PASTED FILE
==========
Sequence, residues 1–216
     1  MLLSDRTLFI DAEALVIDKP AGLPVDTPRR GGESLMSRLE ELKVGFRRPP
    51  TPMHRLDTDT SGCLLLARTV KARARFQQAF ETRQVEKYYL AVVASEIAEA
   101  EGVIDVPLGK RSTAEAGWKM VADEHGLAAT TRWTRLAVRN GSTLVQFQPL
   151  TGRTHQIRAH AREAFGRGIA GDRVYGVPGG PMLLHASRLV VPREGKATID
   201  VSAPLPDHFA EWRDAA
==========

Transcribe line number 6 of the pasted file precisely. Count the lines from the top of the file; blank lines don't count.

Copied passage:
   201  VSAPLPDHFA EWRDAA